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Chappy’s corner “What a sweet deal!”

 

A born salesman Ole, the smoothest-talking Norske in the Minnesota National Guard, got called up to active duty. Ole's first assignment was in a military induction center. Because he was a good talker, they assigned him the duty of advising new recruits about government benefits, especially the GI life insurance, to which they were entitled.  The officer in charge soon noticed that Ole was getting a 99% sign-up rate for the more expensive supplemental form of GI insurance. This was remarkable, because it cost these low-income recruits $30 per month for the higher coverage, compared to what the government was already providing at no charge. The officer decided he'd sit in the back of the room at the next briefing and observe Ole's sales pitch. Ole stood up before the latest group of inductees and said, "If you have the normal GI insurance and you go to Afghanistan an' get yourself killed, then the government' pays your beneficiary $20,000. If you take out the supplemental insurance, which cost you only thirty dollars a month, then the government has to pay the beneficiary $200,000!" Now," Ole concluded, "Which bunch you think they are going to send to Afghanistan first?"

 

As a new Soldier I remember my Administrative Officer informing me that all the Soldiers in the unit had the military life insurance and he encouraged me to do the same. I signed up.  Having that policy didn’t prevent me or others from being deployed to Afghanistan and having that policy didn’t mean my life was “protected” from danger, all it meant was that if I died my family would be reimbursed financially.  Now that is important, but a person’s life can’t be summed up in financial terms.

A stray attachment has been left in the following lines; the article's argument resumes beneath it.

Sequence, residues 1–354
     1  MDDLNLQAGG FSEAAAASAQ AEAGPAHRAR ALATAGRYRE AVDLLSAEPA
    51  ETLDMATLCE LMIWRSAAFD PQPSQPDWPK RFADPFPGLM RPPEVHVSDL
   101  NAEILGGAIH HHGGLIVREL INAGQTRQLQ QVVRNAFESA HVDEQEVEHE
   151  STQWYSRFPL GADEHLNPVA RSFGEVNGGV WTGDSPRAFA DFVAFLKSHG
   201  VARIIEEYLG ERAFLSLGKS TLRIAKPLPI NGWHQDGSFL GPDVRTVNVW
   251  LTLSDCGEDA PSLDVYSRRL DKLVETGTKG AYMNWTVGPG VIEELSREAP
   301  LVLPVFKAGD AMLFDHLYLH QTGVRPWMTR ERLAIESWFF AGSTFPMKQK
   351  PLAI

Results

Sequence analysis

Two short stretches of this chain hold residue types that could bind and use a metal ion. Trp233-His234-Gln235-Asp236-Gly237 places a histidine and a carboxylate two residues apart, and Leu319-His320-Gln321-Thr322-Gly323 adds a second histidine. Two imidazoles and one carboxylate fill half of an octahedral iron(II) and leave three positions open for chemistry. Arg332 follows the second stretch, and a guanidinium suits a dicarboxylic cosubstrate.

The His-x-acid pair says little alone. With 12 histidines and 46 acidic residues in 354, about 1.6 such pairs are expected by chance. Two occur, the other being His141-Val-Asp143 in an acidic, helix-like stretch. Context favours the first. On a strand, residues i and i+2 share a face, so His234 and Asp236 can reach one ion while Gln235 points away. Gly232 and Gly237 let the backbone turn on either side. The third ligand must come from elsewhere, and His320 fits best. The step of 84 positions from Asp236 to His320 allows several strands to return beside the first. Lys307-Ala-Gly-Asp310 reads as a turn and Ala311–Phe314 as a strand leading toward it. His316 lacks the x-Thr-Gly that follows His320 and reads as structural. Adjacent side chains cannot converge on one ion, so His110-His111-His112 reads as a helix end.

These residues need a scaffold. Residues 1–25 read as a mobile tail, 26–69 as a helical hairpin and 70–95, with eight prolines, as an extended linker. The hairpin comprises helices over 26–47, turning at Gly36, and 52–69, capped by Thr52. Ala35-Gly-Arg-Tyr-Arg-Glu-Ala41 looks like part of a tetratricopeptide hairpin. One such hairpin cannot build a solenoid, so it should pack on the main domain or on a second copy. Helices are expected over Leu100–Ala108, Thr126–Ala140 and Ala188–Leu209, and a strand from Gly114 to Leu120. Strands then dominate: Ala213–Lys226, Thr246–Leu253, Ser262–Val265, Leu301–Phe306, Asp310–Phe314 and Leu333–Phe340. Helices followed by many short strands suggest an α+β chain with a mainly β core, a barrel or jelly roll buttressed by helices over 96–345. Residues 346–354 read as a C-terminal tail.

So how much is one’s life worth?  Actually a person’s life isn’t summed up with a life insurance policy but rather by the life that person lives. When a person dies, very few folks say “wow he was a rich guy!”  The comments are usually “what a good dad, what a friendly guy, he always was there to help, what a loving husband and the list goes on and on.”  Those comments are not bought with money, but earned by what we do and say. They are created when we take the time to show people we care by listening to others, helping others and serving others.

 

Through the years I’ve known many folks who had little money in their pockets, but what they had couldn’t be bought with gold or silver. They lived their lives for others and the best example of all is Jesus whose birth was celebrated by millions.  According to the scriptures Jesus left the riches of heaven to come to earth to save us, who didn’t deserve to be saved. But he came because He cared for His creation and he saved the world by paying for our debt of sin with his life. As the apostle Peter stated, “knowing that you were ransomed … not with perishable things such as silver or gold, but with the precious blood of Christ…” Jesus gave his life to serve and save others. Personally I believe every life no matter how young or small, or old and ill is precious because God created that person and Christ died for that person.  Life is a gift from God and how we live that life is our gift to God and to others.  

 

So from this SE corner of South Dakota I think that is a pretty good deal.

 

CH (COL) David Gunderson

JFHQ SDARNG